Which Joe gave his name to ‘sloppy joes’? We look at five interesting sandwiches and their lexical origins.
A large, heavy motor vehicle for transporting goods or troops; a truck.as modifier ‘a lorry driver’
- ‘For health and safety reasons it needs to be put in containers rather than sacks, and it needs different lorries to transport it.’
- ‘When the collection lorry arrives a crane picks up the bins and empties them into the relevant compartments.’
- ‘With the coaches and heavy lorries off the roads the congestion on our highways would be greatly reduced.’
- ‘They say heavy lorries and cars are travelling too fast along the road, which is very narrow in parts.’
- ‘The incident occurred when an articulated lorry collided with the back of a blue Volvo estate.’
- ‘The name is painted on white articulated lorries parked across a massive expanse of yard.’
- ‘And he believes drivers of heavy lorries will avoid the new road because he says it will have to be built on a steep incline.’
- ‘The gravel lorry swerved off the road after the impact but remained upright.’
- ‘A big lorry smashed into the back of the taxi.’
- ‘At first we thought the road was being shaken by a heavy lorry, but then my uncle said it was an earthquake.’
- ‘As well as cars, there are frequent buses, heavy lorries and a lot of farm traffic.’
- ‘He said a Finnish lorry hit the bridge last month and called for the height to be displayed in metres.’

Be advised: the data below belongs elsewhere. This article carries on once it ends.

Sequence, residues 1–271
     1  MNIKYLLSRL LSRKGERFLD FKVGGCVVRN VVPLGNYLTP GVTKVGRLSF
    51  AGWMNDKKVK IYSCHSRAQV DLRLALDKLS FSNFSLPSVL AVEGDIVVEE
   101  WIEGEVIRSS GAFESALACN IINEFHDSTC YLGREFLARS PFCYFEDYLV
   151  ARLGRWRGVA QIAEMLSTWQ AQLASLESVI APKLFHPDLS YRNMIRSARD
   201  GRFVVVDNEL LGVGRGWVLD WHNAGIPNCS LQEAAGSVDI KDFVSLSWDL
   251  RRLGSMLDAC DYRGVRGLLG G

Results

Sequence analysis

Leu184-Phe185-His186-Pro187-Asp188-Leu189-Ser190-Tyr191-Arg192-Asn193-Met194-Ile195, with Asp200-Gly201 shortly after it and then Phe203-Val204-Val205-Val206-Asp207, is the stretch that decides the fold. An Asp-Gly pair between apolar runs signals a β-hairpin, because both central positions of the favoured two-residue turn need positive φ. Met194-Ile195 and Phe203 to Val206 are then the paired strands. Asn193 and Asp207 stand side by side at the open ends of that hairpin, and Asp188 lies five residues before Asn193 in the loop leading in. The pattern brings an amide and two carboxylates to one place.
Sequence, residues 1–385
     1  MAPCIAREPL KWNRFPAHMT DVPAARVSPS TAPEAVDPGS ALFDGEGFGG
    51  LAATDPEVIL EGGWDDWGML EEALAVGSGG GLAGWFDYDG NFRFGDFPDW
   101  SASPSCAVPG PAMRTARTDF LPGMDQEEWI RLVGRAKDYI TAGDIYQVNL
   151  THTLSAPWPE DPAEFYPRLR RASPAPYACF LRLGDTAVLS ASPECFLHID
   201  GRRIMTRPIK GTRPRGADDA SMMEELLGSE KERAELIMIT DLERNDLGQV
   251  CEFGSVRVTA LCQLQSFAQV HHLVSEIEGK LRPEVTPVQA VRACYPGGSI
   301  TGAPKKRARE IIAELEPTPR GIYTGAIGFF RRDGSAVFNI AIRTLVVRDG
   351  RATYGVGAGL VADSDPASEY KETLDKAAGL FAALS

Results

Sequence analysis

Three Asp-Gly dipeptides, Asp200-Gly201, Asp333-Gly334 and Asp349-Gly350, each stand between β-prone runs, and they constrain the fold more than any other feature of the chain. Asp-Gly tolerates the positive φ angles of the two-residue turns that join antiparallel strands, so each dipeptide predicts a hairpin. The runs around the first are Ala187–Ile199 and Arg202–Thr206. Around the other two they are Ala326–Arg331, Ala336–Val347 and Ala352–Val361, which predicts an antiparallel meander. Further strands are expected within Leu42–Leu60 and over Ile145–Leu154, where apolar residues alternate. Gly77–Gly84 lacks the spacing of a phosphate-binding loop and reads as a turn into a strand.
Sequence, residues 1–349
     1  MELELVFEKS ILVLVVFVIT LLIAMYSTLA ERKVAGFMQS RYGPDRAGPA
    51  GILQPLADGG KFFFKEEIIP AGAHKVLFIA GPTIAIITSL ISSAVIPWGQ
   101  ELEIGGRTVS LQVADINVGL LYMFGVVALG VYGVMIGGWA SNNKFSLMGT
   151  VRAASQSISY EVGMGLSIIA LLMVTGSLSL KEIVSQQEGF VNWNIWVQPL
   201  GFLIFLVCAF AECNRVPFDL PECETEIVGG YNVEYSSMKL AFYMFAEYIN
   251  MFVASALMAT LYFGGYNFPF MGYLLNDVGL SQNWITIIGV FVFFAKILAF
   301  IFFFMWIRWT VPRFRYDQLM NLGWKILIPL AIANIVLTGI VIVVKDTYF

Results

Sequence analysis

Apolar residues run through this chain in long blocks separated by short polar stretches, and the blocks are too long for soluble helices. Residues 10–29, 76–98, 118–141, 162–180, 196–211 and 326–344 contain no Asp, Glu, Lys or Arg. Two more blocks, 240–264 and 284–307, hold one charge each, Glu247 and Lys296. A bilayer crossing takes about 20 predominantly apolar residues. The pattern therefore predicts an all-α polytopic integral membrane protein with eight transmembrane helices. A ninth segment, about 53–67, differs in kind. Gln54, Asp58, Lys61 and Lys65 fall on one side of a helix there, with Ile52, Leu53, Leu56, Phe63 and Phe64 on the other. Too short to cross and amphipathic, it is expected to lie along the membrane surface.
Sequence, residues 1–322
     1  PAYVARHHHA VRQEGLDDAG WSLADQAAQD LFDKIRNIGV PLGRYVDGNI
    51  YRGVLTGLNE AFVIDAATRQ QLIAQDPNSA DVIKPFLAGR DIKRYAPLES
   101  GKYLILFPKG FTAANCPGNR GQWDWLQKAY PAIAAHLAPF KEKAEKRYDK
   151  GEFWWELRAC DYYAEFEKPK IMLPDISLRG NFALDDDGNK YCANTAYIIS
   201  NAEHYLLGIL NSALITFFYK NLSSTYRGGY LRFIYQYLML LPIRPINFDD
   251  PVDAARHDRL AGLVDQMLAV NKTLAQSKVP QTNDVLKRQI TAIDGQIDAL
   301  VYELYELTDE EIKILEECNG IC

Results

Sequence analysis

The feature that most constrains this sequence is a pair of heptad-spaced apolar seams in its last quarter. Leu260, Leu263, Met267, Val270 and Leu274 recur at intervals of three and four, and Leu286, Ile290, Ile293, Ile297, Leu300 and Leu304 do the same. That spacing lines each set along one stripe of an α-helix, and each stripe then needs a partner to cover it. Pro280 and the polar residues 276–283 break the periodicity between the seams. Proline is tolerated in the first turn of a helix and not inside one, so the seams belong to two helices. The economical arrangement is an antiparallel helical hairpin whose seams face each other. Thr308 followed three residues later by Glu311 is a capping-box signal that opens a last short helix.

- ‘An accident involving a lorry carrying radioactive waste closed a major Scottish road for hours yesterday.’
- ‘He was following a lorry which was travelling at about 45 mph.’
- ‘A long-awaited ban on heavy lorries using the notorious stretch of highway was finally announced last year.’
- ‘The village was being covered with dust from the 30-ton lorries thundering through it from the nearby quarry.’
- ‘Never, NEVER, overtake a gritting lorry.’
- ‘There are 20 tonne lorries coming at speed through the village, where there is a junior school.’
- ‘Because of the many industrial companies based in the road, its traffic also includes large numbers of heavy lorries.’
- ‘The move will put another 500 heavy lorries onto Britain's roads each week.’
fall off the back of a lorry
informal (of goods) be acquired in dubious circumstances.‘he sells cheap computer games that have fallen off the back of a lorry’
- ‘Keep an eye out for pickpockets and remember that many of the things for sale 'fell off the back of a lorry'.’
- ‘"But it's not like stuffing a few pairs of jeans in your bag or a TV falling off the back of a lorry. This bread is keeping us alive."’
- ‘When I was a kid my neighbour was always selling things that seemed to have "fallen off the back of a lorry".’
Mid 19th century: perhaps from the given name Laurie.
We take a look at several popular, though confusing, punctuation marks.
From Afghanistan to Zimbabwe, discover surprising and intriguing language facts from around the globe.
The definitions of ‘buddy’ and ‘bro’ in the OED have recently been revised. We explore their history and increase in popularity.